The subtitle for Temkin’s publication is “Advice and Practical Tips from the Fields Top Practitioners, Researchers and Provocateurs.” It contains three sections (Governance Today, Making it Work, Myths and Madness), nine chapters, forty-six articles, and six appendices. Each of the articles is written by a different person, although several individuals contribute two articles. The nine sections address the following questions:
What is governance, really?
Quality conversation is the heart of governance.
It’s all about engaging the community.
Your board model, the “Boss” and maximizing relationships.
Strategy is the key to finding the “right” people to serve on your board.
Getting it right straight out of the gate and continuing down the track to even greater successes.
Logistics and technology matter.
When the board requires a little more to be effective.
Lessons to consider for a more productive future.
The appendices provide guidance regarding standing committees, discerning board member support for the agency, sample job description for a board chair, and stages of discussion (i.e. guiding decision-making). Each chapter is short (four to five pages) and to the point, often including definitions and other tips.
I will focus on three articles. The first is by Steve Bowman, “Choice, Future and Communities: The True Role of the Board and Governance” (5-8). He suggests that governance represents the tools used “to assist the board to make the choices that create the future for the communities they serve” (5). He argues that the main work of the board is to “make choices,” rejecting the term “decisions” because it suggests a “final and right answer” which seldom is the case. The term “choice” suggests that the board is seeking the best and most viable option among several that will enable the board to create a good future. He offers some suggestions about how to ensure that board work is future focused. Board agendas should reflect “the key strategies from your strategic plan” (7). When staff report, they should indicate “in reports and proposals how their departments are achieving the strategic directions outlined in your organization’s strategic plan” (7). He urges nonprofit boards to embrace their responsibility to “make a difference in the communities [they] serve” (7). Communities keep changing and so nonprofit boards need to keep defining carefully what their community of service really encompasses.
This blog attends to the role of board chairs particularly. So I think the article by Susan Schaefer and Bob Wittig entitled “Board Leadership: Who’s the Boss?” (141-47) offers some great insights. They present the case that executive directors of nonprofits have to give attention to board development and operations if they are to help their agencies function effectively. Optimally the board chair and executive director can find a way to work well together so that the management and governance align well. They assert that “an executive director must intentionally work to lead this high-level volunteer group” (141). The best way to do this is to ally your efforts with those of the board chair. “Highly effective boards benefit from a synergy between the executive director and the board chair” (142). This requires the executive director to nurture the relationship, communicate often and well, and work with the board chair in developing effective board agendas.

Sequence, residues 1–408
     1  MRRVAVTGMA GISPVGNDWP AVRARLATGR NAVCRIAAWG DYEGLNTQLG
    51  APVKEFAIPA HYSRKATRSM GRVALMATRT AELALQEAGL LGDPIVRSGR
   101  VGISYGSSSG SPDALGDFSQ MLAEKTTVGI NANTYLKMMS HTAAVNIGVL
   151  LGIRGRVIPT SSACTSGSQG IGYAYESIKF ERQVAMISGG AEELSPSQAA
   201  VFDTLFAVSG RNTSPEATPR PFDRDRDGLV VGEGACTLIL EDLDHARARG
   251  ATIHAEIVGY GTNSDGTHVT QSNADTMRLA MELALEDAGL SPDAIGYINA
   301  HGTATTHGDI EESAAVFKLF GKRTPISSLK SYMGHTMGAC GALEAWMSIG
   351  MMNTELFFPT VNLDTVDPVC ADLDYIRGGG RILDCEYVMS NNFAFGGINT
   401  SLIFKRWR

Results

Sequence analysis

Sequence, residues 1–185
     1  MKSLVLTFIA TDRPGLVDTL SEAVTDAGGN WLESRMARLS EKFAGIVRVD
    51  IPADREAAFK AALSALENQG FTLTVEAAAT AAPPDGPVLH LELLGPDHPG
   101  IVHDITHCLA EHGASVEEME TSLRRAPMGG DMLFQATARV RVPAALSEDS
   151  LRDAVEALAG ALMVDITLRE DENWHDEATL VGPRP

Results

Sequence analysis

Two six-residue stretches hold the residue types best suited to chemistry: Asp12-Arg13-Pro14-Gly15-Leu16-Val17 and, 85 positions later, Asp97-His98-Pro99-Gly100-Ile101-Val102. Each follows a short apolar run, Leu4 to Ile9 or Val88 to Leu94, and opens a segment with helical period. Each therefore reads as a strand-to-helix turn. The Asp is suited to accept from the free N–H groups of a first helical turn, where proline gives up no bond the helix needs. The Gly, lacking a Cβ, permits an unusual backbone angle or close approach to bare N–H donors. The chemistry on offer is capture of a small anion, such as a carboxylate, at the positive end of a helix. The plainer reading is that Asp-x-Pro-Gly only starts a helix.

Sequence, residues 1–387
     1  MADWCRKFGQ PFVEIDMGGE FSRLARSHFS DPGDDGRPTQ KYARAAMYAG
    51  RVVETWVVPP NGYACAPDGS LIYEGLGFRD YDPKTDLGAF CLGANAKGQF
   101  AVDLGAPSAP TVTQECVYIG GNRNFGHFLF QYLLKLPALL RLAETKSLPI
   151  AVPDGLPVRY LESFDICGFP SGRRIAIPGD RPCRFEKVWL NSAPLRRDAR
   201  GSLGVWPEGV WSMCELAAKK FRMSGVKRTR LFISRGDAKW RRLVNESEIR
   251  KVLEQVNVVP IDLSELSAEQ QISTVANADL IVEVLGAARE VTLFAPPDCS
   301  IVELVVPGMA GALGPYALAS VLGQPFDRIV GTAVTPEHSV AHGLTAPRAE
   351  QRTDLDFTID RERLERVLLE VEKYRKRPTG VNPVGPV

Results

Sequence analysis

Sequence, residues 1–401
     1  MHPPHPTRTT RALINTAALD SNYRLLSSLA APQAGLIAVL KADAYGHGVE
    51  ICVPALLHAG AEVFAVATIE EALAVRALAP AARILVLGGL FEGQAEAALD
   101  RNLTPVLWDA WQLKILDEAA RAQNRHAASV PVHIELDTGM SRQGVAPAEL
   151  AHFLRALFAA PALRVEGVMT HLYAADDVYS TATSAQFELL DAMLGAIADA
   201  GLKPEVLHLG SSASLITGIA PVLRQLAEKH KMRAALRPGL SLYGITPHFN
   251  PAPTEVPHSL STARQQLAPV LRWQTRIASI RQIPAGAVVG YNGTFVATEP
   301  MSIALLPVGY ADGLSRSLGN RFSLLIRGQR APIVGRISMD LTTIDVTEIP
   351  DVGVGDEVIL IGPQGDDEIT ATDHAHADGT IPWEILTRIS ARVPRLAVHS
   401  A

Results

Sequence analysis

The third article I will reference is by Pamela Leland, “Embracing Interdependence: The Relationship Between the Board and CEO” (157-65). She encourages nonprofit leaders to “embrace the idea that good governance arises from an active partnership between the board and the CEO. That good governance is grounded in good relationships characterized by shared commitment, clear expectations, and good communications” (150). She cites research that indicates “most chief executives are board-centered executives–i.e., chief executives who intentionally support and encourage their boards’ capacity to govern” (159). She further suggests that “the board/CEO relationship exists along a continuum between dependence and independence” (160). Interpersonal skills form a significant part of an effective CEO’s toolkit and these skills enable such an officer to work well with a board. The bottom line is that mutual trust forms the most important ingredient this relationship.
The compendium of short articles has much to offer those who serve as church board chairs and can also be helpful for church leaders who are seeking to understand how to assist their boards develop their capacity to govern well.